It's thought that some carbon that can be found in space is contained in big molecules called polycyclic aromatic hydrocarbons (PAHs). Though they've never been observed directly, it's been suggested that PAHs are abundant in space. Researchers have now found PAHs in a region of space called the Taurus Molecular Cloud (TMC-1).
On Earth, PAHs are present as byproducts of burning fossil fuels or in the grill marks of burnt food. Researchers have assumed that PAHs only form efficiently in space where high temperatures occur. In TMC-1, however, the temperature is only about ten degrees over absolute zero (−459.67° Fahrenheit). This study, which has been reported in Science, has indicated that it's possible to generate PAHs at much lower temperatures than was assumed.
"What makes the detection so important is that not only have we confirmed a hypothesis that has been 30 years in the making, but now we can look at all of the other molecules in this one source and ask how they are reacting to form the PAHs we're seeing, how the PAHs we're seeing may react with other things to possibly form larger molecules, and what implications that may have for our understanding of the role of very large carbon molecules in forming planets and stars," said co-senior study author and MIT Assistant Professor Brett McGuire.
Telescopes that detect infrared signals have been used since the 1980s to search for molecules that contain carbon rings, also known as aromatic compounds. It's thought that ten to 25 percent of space carbon is in PAHs. Though PAHs contain at least two carbon rings, the infrared signals have not been distinct enough to find specific molecules.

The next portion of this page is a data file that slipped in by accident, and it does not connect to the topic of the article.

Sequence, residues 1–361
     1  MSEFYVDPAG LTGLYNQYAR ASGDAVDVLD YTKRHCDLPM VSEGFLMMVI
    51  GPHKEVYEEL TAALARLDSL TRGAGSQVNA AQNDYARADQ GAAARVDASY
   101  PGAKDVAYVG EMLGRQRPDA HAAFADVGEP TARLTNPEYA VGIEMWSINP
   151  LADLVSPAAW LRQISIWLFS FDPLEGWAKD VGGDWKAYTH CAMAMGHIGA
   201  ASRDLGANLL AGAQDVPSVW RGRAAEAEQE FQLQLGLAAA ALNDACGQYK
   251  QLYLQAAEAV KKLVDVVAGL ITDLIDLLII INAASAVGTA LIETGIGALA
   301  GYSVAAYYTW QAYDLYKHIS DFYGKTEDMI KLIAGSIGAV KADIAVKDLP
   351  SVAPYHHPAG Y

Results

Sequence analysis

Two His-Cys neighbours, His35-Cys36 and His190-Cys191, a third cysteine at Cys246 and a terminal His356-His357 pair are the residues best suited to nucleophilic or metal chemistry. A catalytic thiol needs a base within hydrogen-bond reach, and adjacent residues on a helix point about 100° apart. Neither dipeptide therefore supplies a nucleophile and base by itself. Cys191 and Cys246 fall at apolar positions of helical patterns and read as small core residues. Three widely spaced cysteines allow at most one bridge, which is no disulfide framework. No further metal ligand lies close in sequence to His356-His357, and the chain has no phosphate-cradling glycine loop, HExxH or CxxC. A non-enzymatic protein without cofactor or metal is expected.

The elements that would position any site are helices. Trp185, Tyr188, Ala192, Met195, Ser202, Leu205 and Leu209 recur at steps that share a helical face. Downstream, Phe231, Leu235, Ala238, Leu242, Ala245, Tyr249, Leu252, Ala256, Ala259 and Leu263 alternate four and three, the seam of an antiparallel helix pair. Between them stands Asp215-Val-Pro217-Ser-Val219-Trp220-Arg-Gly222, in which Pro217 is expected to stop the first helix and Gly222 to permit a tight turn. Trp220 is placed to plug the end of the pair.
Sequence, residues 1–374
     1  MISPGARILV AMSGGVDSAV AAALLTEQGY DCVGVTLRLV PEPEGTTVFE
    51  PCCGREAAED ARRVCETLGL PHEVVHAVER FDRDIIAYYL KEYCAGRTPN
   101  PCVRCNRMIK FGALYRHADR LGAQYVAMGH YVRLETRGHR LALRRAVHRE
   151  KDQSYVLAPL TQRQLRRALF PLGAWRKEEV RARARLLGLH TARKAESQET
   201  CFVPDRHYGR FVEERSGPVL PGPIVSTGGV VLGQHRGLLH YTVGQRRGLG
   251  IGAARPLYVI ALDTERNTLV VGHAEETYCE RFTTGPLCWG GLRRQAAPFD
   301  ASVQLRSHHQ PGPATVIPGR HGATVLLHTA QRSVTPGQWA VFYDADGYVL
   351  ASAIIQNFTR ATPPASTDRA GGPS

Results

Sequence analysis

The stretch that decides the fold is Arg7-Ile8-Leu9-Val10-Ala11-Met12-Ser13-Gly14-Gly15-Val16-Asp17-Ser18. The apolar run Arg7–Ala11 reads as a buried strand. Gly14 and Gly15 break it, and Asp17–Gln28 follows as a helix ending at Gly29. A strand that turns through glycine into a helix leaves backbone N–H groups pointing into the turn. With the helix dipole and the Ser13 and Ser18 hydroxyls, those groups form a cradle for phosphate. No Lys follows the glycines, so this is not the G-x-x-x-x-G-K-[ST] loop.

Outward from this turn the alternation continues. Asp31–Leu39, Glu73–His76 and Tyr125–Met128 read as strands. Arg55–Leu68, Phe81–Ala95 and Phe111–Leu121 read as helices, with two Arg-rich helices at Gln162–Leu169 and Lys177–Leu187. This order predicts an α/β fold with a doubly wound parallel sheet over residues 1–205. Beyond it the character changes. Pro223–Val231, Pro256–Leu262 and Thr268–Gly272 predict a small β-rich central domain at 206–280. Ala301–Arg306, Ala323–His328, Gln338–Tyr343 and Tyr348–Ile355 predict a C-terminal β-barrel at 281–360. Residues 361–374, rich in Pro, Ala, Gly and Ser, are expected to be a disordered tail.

"That means that we can't dig into the detailed chemical mechanisms for how these are formed, how they react with one another or other molecules, how they're destroyed, and the whole cycle of carbon throughout the process of forming stars and planets and eventually life," McGuire said.
Radio telescopes with enough power to identify PAHs have only existed for about a decade. They can pick up on the patterns of light that molecules emit while they move through space, called rotational spectra. These patterns can then be compared to the patterns formed by molecules on Earth.
"Once you have that pattern match, you know there is no other molecule in existence that could be giving off that exact spectrum. And, the intensity of the lines and the relative strength of the different pieces of the pattern tells you something about how much of the molecule there is, and how warm or cold the molecule is," explained McGuire.
McGuire and his colleagues have focused on TMC-1 because previous work has shown that it contains complex carbon molecules. With the largest steerable radio telescope in the world, the Green Bank Telescope, the researchers confirmed that benzonitrile was present there, and they also found signatures of 1-cyanonaphthalene and 2-cyanonaphthalene. PAHs may not just be the byproducts of dying stars, they might form from smaller molecules.
"We need to entirely rethink our models of how the chemistry is evolving, starting from these starless cores, to include the fact that they are forming these large aromatic molecules," added McGuire.